Big Picture


Four WaysTo Play With Your Guitar

I see a lot of students asking how they can improve their playing, what they should be working on or which books to study. What many seem to forget is that we don't work the guitar; we play it, and we should just play with it sometimes.

Two New Albums on Soundcloud!

I've gathered up the electronic pieces I wrote over the last year or so and pulled them together into an album, entitled New Work. I've also put together Phi Point, a collection of archive recordings that are now unavailable and of which I'm still fond. Both are free to stream or download.

R.I.P. Captain Beefheart

As you probably already know, the great Don Van Vliet passed away on Friday. If you don't know his music you can and should start searching YouTube or Spotify or whatever you preferred source of such things is and check it out.

Fun With Ring Modulators

As I mentioned before, I've been playing with Usine lately and doing some free VST effect processing on the guitar. This has enabled me to indulge my love of ring modulators, so I recorded a demo of two free ones you can try out.

Exploring New Material with Motifs and Patterns

This post is about one way to develop ideas for licks out of simple material almost by a kind of "free association": you play something, find a bit you like, play around with it and so on.

Free Real-Time Effects Processing Using Usine

Today I discovered Usine, a free bit of software for Windows that enables you to wire VST effects together. This is so much fun that I had to share it with you and give you a quick guide to getting it up and running. If you're a music techie already you can probably breeze through the first bit.

Practicing Improvisational Fluency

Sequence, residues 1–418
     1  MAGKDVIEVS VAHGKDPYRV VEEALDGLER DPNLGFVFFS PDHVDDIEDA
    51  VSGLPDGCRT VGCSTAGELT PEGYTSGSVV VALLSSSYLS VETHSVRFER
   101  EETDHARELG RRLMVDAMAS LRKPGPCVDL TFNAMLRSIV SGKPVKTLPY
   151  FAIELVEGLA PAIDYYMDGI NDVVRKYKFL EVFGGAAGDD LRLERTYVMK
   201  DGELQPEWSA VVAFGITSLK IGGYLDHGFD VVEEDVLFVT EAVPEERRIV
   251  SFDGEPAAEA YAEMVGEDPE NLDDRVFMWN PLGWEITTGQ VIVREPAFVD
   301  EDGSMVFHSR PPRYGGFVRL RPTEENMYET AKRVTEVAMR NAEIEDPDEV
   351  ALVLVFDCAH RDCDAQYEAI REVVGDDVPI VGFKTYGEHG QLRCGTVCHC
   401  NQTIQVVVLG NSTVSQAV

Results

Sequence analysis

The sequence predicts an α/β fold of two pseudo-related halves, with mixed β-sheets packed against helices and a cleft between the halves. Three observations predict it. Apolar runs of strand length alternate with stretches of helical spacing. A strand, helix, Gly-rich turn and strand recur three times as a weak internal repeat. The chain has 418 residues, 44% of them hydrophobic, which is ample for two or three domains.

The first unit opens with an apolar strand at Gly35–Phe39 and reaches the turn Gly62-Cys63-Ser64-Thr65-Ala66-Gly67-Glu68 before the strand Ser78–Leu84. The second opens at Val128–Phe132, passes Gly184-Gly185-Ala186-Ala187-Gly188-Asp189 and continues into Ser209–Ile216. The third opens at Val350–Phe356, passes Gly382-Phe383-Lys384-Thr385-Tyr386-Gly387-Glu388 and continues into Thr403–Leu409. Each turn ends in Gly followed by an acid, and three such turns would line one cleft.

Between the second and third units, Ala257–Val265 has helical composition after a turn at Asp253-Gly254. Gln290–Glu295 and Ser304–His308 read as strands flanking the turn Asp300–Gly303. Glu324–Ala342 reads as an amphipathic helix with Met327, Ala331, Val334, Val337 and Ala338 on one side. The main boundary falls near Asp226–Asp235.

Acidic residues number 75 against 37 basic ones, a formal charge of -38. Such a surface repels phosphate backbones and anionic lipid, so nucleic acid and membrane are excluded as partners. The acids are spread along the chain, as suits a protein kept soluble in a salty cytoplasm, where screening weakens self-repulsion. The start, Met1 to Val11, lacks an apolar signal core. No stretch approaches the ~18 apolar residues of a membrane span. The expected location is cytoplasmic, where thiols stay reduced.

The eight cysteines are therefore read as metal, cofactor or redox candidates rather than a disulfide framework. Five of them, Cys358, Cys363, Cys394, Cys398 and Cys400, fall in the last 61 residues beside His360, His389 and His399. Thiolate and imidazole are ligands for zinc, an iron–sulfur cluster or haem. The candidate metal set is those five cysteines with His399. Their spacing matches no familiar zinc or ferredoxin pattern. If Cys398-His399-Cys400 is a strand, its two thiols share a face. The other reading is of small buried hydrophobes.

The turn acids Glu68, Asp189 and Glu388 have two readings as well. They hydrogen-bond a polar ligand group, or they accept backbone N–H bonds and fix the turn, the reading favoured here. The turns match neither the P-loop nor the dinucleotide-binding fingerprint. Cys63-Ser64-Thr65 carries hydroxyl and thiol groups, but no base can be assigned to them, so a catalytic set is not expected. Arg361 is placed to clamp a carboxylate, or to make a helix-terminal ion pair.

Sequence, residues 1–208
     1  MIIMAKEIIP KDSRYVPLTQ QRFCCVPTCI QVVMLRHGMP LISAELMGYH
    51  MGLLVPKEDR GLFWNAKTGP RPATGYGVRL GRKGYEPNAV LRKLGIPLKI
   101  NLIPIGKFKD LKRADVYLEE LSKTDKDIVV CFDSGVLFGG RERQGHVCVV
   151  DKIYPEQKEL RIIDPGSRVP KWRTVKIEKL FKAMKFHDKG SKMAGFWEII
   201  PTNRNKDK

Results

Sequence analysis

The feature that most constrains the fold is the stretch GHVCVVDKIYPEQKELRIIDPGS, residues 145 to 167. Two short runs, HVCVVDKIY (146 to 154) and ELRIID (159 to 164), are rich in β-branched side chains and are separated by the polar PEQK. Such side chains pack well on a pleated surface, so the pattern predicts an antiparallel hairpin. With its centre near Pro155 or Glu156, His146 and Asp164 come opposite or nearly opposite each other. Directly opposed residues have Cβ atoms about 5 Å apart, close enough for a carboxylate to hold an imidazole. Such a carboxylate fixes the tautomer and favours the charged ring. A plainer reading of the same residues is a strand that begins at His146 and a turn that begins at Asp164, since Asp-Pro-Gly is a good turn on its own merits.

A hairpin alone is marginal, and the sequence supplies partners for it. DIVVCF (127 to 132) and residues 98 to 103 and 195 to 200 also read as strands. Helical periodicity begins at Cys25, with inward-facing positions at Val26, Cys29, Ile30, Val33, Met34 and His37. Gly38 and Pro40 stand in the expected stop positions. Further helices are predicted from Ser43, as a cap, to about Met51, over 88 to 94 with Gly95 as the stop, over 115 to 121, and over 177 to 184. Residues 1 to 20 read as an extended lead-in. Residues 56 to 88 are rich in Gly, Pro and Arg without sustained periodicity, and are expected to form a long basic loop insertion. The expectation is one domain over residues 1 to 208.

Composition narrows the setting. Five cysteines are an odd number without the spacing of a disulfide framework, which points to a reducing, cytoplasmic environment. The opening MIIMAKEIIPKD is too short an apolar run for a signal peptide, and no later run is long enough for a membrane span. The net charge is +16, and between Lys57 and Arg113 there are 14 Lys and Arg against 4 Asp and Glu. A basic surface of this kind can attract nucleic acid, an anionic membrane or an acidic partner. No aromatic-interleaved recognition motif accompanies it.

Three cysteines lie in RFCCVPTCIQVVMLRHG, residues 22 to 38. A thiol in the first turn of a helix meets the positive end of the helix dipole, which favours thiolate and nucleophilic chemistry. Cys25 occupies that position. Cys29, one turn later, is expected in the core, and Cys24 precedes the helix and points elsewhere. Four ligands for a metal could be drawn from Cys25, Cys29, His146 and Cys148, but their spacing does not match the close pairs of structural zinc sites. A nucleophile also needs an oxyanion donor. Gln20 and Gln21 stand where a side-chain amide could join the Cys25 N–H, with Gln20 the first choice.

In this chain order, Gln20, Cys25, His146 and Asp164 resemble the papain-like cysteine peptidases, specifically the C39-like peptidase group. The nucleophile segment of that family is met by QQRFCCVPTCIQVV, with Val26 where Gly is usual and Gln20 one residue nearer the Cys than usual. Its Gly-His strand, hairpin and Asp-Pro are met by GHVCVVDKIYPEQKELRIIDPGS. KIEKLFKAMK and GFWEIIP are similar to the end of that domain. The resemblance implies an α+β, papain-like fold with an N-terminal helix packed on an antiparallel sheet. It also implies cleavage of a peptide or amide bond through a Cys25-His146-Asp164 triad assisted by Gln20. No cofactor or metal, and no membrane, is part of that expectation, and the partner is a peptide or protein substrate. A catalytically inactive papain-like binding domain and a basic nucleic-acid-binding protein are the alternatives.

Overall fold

If, like me, a lot of your real-life playing involves improvisation then it can be tricky to know how or what to practice. Of course we can learn licks and patterns, but if we're not careful all our solos will start to sound like a collage of the same stuff played in a different order, and that's not really improvising. This lesson describes a simple practicing strategy to help you build fluency when playing off-the-cuff.

Some Interval Map Visualizations

For the past few days I've been experimenting with circular representations of chord, scale and similar kinds of structure. Laying them out in a circle is the right thing to do because then rotation of the circle is equivalent to finding all the modes of the scale or arpeggio.

What is a Mode?

In a recent post I mentioned some myths about modes, and promised I'd try to give my own account of this often-confusing idea. If you've read the first chapter of Scale and Arpeggio Resources then you'll know exactly what a mode is, but I thought I'd try a brief and slightly different explanation here in case either you found that chapter difficult or you don't have the book. Although it's a bit more abstract than most, I hope those of you who are confused about modes will find it enlightening.

Fretboard Roadmaps

All guitarists need fretboard roadmaps -- ways to find their way quickly and easily around the fretboard. The word "roadmap" suggests that these should be visual; that's partly because the guitar lends itself to visual learning methods in ways that the sax, say, doesn't.